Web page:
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Cited by 59 (4 self)
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Proofcarrying code (PCC) is a framework for mechanically verifying the safety of machine language programs. A program that is successfully verified by a PCC system is guaranteed to be safe to execute, but this safety guarantee is contingent upon the correctness of various trusted components. For instance, in traditional PCC systems the trusted computing base includes a large set of lowlevel typing rules. Foundational PCC systems seek to minimize the size of the trusted computing base. In particular, they eliminate the need to trust complex, lowlevel type systems by providing machinecheckable proofs of type soundness for real machine languages. In this thesis, I demonstrate the use of logical relations for proving the soundness of type systems for mutable state. Specifically, I focus on type systems that ensure the safe allocation, update, and reuse of memory. For each type in the language, I define logical relations that explain the meaning of the type in terms of the operational semantics of the language. Using this model of types, I prove each typing rule as a lemma. The major contribution is a model of System F with general references — that is, mutable cells that can hold values of any closed type including other references, functions, recursive types, and impredicative quantified types. The model is based on ideas from both possible worlds and the indexed model of Appel and McAllester. I show how the model of mutable references is encoded in higherorder logic. I also show how to construct an indexed possibleworlds model for a von Neumann machine. The latter is used in the Princeton Foundational PCC system to prove type safety for a fullfledged lowlevel typed assembly language. Finally, I present a semantic model for a region calculus that supports typeinvariant references as well as memory reuse. iii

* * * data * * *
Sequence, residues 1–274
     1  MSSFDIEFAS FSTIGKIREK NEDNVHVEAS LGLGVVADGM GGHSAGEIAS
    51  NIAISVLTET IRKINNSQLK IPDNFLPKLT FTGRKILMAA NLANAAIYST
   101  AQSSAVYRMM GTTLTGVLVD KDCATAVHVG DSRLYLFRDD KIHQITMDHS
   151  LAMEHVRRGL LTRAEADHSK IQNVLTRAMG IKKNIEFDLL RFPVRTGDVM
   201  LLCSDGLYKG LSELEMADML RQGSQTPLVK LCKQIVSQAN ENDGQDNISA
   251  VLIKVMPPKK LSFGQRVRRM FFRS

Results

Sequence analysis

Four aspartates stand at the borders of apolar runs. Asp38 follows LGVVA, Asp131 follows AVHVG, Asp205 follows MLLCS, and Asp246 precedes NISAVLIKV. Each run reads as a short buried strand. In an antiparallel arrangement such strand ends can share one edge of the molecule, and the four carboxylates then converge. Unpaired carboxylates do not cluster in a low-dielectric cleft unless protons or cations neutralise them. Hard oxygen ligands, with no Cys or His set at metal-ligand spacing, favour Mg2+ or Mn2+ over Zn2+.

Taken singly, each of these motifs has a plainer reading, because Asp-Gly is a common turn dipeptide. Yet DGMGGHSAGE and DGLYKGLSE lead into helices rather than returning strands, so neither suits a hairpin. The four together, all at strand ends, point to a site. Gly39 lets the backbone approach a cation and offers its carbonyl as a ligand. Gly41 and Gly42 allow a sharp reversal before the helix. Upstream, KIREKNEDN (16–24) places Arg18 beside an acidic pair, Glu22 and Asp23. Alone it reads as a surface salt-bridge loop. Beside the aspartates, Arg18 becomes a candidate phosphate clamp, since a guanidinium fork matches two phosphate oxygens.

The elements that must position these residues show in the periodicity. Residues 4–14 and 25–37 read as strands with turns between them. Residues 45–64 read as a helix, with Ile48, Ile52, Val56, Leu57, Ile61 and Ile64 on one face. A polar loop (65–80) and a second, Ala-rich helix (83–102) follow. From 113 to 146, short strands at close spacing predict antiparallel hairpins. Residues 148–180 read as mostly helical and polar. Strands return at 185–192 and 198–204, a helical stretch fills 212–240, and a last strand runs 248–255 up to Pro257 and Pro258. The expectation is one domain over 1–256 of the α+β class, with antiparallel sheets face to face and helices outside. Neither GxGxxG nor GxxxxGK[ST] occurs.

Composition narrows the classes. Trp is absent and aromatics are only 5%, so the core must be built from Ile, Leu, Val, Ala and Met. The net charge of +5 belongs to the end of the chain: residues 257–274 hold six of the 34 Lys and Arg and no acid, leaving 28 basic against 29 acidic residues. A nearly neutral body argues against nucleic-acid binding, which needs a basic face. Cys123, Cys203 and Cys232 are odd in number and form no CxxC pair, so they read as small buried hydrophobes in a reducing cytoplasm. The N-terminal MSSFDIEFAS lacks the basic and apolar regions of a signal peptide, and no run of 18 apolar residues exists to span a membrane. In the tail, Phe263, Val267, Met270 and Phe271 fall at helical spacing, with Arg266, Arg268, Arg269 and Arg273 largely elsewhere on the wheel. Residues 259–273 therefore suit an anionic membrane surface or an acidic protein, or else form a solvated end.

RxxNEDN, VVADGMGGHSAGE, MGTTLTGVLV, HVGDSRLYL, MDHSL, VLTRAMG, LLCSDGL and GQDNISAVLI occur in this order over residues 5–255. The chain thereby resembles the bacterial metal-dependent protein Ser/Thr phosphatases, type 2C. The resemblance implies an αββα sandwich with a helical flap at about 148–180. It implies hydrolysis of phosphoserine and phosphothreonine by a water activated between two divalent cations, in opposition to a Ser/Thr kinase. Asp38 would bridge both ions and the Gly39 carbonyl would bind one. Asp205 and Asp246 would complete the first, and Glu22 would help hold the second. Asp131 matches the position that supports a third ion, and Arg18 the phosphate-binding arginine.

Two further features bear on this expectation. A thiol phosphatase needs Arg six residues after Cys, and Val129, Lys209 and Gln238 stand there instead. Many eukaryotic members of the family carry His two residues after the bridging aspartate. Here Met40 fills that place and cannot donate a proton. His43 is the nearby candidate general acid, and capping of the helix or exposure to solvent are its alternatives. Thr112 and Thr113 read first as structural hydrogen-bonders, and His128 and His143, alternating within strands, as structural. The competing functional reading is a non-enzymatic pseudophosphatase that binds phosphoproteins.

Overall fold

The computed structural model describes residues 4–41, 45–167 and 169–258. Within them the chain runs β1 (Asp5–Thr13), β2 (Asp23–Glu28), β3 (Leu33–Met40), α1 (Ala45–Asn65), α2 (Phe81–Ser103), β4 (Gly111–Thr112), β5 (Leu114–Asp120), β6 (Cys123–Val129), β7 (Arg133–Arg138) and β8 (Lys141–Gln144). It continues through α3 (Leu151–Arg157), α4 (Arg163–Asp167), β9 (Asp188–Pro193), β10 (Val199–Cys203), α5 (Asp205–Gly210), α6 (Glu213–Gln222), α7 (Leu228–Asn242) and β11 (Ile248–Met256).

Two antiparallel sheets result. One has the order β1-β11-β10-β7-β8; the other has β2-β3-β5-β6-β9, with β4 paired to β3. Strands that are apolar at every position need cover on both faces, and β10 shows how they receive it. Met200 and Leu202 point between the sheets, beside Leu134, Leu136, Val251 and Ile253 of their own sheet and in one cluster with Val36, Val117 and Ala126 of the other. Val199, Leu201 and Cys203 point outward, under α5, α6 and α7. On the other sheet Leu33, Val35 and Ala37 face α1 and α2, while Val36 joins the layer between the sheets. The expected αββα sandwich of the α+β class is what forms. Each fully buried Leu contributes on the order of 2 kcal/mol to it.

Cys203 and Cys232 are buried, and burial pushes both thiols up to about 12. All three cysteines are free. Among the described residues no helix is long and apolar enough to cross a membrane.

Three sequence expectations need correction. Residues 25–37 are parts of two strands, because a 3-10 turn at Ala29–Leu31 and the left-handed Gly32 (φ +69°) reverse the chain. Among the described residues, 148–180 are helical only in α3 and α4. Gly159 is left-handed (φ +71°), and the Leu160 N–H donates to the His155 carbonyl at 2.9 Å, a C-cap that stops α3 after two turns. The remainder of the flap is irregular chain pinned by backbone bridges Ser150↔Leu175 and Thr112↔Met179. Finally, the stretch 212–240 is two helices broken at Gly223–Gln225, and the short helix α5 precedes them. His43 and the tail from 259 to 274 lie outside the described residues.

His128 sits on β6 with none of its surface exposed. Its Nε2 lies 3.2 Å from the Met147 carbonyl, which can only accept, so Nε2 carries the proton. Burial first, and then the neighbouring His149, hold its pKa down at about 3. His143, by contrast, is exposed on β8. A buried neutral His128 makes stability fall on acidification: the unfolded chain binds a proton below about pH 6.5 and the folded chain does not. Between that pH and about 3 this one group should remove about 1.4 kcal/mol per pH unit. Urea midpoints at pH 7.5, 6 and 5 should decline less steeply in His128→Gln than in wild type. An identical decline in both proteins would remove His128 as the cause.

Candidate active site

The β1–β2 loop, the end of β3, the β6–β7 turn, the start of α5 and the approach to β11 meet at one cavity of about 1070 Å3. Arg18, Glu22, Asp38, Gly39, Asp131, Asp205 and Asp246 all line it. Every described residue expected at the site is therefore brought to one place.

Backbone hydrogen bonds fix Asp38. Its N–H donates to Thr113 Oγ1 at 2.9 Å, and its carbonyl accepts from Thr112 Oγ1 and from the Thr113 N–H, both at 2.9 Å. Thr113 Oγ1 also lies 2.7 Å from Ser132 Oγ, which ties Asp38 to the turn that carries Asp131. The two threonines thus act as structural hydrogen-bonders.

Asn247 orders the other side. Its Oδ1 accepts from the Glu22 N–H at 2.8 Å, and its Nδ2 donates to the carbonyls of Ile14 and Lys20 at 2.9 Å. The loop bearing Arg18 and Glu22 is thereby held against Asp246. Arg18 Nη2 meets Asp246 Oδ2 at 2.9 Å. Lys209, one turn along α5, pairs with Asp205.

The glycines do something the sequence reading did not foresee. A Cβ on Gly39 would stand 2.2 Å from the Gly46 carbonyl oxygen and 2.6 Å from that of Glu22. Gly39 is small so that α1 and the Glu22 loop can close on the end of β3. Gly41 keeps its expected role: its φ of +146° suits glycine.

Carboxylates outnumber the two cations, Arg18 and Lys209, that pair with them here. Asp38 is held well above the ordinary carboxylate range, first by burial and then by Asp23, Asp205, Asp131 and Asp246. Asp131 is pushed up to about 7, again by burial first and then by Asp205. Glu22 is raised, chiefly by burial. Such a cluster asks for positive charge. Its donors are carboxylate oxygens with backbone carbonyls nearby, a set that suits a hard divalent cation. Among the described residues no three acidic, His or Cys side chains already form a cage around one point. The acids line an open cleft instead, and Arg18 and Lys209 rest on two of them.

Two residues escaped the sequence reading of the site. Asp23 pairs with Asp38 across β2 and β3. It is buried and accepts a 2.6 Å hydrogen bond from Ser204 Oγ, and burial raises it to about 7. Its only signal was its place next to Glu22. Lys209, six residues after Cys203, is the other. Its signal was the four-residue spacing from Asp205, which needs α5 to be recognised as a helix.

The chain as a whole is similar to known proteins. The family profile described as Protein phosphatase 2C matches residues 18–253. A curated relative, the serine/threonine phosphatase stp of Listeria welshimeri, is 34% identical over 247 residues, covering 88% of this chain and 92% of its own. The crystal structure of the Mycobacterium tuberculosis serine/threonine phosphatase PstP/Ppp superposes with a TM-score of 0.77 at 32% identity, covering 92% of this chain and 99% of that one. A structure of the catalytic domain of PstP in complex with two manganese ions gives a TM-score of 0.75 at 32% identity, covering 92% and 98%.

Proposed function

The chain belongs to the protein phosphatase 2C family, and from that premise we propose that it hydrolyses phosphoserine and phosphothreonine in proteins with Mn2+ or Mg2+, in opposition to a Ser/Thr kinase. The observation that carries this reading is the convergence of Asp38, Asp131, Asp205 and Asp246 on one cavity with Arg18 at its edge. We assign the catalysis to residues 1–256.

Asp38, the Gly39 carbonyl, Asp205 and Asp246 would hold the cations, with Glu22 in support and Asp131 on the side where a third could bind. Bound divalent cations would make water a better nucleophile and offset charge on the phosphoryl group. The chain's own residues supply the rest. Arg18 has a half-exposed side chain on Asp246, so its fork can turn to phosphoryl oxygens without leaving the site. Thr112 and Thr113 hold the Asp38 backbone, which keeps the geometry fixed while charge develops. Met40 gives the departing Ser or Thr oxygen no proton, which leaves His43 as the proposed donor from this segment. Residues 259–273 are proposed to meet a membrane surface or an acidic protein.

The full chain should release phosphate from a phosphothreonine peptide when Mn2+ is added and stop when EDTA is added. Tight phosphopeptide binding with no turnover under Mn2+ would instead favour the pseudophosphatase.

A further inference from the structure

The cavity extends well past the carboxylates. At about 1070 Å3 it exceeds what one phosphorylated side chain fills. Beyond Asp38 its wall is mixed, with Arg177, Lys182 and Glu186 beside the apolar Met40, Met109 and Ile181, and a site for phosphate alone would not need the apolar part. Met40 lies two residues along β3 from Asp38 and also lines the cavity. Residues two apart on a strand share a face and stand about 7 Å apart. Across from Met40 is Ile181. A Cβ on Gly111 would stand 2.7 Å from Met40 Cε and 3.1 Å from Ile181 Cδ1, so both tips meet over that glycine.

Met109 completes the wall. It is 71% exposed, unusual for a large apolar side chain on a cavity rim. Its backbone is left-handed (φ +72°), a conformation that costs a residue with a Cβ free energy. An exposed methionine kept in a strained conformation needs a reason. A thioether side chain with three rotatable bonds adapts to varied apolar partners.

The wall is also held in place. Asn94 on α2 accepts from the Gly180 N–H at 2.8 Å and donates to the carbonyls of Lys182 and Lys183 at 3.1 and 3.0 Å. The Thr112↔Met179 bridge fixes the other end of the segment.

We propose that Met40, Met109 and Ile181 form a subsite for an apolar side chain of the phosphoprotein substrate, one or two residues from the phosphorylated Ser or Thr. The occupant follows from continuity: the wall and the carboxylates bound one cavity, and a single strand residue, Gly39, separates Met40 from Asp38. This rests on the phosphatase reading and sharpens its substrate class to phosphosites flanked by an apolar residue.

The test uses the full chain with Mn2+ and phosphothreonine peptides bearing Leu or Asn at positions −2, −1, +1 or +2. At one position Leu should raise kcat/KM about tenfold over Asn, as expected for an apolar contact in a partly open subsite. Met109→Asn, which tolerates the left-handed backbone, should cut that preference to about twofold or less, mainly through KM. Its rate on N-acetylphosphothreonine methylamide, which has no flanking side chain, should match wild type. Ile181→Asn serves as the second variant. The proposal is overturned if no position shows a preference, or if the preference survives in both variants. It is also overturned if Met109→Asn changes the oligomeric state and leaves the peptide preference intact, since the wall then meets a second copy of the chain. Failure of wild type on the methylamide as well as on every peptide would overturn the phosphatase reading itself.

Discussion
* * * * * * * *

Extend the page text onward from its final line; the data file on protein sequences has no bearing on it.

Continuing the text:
Safety checking of machine code
, 2000
"... We show how to determine statically whether it is safe for untrusted machine code to be loaded into a trusted host system. Our safetychecking technique operates directly on the untrusted machinecode program, requiring only that the initial inputs to the untrusted program be annotated with typestat ..."
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Cited by 57 (4 self)